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Do you employ Teen Workers? Young teen workers are those new to the workforce, even up to age 24. Young workers
can be an asset to your workforce. However, it may be their first job or the first time they are operating equipment.
Child labor laws restrict the types of jobs, hours worked and equipment used by teens under age 18. Learn about the
Maryland State child labor laws that apply to young workers.
You can prevent or reduce workplace injuries and make work safer for all workers, including teens. Under the
Occupational Safety and Health Act of 1970 (OSH Act), employers have the responsibility to provide a safe and healthful
work environment and comply with occupational safety and health standards. First-line supervisors have the greatest
opportunity to protect young workers and influence their work habits.
Employer Responsibilities: For Young Workers
- Understand and comply with the relevant federal and state
child labor laws. For example, these laws prohibit youth from working certain hours and from performing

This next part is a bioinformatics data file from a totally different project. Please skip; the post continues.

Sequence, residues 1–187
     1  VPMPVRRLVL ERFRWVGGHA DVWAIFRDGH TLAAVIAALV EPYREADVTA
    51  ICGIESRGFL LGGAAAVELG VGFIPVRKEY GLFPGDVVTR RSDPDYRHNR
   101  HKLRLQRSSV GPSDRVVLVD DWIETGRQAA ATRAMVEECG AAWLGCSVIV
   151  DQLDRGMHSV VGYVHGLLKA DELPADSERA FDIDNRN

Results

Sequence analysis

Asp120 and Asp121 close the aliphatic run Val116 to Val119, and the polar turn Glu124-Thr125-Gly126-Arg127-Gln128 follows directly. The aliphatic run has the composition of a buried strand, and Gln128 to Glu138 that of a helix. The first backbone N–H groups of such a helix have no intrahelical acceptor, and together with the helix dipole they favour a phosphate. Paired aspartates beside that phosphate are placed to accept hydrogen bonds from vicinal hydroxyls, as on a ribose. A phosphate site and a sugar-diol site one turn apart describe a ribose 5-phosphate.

- Ensure that young workers receive training to recognize hazards and are competent in safe work practices.
Training should be in a language and vocabulary that workers can understand and should include prevention of
fires, accidents and violent situations and what to do if injured.
- Implement a mentoring or buddy system for new teen workers. Have an adult or experienced teen worker
answer questions and help the new young worker learn the ropes of a new job.
- Encourage teen workers to ask questions about tasks or procedures that are unclear or not understood.
Tell them whom to ask.
- Remember that teen workers are not just "little adults." You must be mindful of the unique aspects of
communicating with young workers.
- Ensure that equipment operated by teen workers is both legal and safe for them to use. Employers should
label equipment that teen workers are not allowed to operate.
- Tell teen workers what to do if they get hurt on the job.
Employer Responsibilities: For All Workers
- Provide a workplace free from all recognized hazards and follow all MOSH/OSHA safety and health standards.
- Find and correct safety and health hazards immediately.
- Inform employees about hazards in the workplace and train them about applicable OSHA standards.
- Provide safety training on workplace hazards.
- Provide the required personal protective equipment (PPE) and pay for most types of required PPE.
MOSH Can Help! Call us on our toll-free number: 1-800-759-6297 or 410-527-2091 to get answers to your
questions. You can also submit a question to
firstname.lastname@example.org. MOSH's On-site Consultation
Program offers free and confidential advice to small- and medium-sized businesses in Maryland with priority
given to high-hazard worksites. Learn more about